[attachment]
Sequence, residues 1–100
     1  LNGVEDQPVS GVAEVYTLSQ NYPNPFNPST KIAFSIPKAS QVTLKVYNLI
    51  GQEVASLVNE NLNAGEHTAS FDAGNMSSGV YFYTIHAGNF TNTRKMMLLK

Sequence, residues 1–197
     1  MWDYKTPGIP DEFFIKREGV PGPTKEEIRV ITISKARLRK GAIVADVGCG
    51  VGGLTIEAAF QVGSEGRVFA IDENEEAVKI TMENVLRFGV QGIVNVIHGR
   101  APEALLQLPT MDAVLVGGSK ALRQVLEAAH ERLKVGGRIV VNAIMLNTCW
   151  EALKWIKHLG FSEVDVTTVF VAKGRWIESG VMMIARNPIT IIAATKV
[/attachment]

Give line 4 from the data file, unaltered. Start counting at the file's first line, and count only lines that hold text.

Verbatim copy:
Sequence, residues 1–197